Prior to buying KMCL and Bulyanhulu gold mines at around US$ 280m in 1999 from Sutton Resources also from Canada, Barrick Golds was confident that the extra-judicial killings of artisanal miners were cleared by a parliamentary probe team formed by the government in 1996 after former Magu legislator and opposition United Democratic Party (UDP)'s Chairman John Memose Cheyo took the issue to the House.
Cheyo's party had conducted a brief enquiry into the allegations and came up with concrete evidence which pressurised the government to form the probe team which critics say was not independent as it was stuffed by ruling party legislators who had acted in defence of their party and government. The team reported back to parliament that the allegations were unfounded as no evidence existed on the ground to substantiate them.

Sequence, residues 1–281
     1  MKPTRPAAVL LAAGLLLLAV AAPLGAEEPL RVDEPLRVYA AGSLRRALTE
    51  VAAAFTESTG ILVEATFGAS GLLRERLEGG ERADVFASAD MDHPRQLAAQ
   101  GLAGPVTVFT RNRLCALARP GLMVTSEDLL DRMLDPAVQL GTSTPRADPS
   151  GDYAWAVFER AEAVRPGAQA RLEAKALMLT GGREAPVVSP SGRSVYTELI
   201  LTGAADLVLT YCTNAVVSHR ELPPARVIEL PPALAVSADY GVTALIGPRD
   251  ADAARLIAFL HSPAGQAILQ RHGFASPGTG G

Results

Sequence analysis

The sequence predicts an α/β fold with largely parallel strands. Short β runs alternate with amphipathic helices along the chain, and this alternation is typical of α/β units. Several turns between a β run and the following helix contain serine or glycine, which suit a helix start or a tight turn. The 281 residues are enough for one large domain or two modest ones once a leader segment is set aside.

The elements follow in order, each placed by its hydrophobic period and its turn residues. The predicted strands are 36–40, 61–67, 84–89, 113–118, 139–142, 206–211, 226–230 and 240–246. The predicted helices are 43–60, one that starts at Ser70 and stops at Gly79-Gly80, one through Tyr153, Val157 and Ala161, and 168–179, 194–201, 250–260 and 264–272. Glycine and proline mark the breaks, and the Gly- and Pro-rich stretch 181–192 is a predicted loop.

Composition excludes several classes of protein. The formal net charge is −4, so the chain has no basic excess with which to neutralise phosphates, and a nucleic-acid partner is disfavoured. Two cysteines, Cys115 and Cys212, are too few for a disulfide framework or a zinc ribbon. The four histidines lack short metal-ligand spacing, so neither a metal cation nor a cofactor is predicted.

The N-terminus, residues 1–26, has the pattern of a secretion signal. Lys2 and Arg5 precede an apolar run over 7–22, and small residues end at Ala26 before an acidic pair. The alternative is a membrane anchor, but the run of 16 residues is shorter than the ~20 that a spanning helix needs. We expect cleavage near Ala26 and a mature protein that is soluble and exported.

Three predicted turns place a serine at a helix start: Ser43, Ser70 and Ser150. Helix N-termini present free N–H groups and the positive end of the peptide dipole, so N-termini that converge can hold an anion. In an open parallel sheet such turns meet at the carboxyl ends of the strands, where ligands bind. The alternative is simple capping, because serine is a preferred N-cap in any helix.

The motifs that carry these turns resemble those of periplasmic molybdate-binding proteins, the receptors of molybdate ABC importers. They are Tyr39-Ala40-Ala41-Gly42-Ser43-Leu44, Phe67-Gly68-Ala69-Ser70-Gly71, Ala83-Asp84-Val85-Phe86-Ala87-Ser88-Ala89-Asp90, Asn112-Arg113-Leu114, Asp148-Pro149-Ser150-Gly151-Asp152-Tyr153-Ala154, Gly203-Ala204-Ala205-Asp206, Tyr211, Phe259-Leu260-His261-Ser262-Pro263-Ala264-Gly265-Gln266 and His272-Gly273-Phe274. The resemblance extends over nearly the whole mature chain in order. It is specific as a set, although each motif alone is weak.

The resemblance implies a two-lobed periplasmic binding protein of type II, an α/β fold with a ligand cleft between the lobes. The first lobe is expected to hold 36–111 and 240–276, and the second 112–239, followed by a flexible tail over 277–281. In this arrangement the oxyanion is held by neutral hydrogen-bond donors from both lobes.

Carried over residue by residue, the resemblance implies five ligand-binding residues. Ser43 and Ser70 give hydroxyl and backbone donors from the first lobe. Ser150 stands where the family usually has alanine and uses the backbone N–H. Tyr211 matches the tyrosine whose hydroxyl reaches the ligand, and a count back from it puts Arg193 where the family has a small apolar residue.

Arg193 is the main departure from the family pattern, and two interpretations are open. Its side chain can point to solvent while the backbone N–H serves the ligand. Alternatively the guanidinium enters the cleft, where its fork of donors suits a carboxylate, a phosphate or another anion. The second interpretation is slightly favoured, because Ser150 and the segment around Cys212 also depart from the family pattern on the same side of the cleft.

Briefly there was a lull in the local media and the public was almost forgetting the issue after Cheyo was out of parliament with reports that former Canadian High Commissioner to Tanzania Verona Edelstein met him to calm down the issue.
A Sutton Resources vice president Tony Luteijn also met with Cheyo in December 1996 allegedly to cool down his party's findings which were threatening Bulyanhulu gold mine's financing by a World Bank loan.
Behind the scene, Tundu Lissu and LEAT were doing a professional job of gathering hard evidence needed for legal backing before blowing off the lid mid last year. Mrema who had been facing a lengthy court battle after accusing the ruling party and government elites of involvement in a fish fillet and tax evasion scam by Indian businessmen, also joined LEAT's call for the formation of the enquiry commission, after his bribery case was dismissed last year.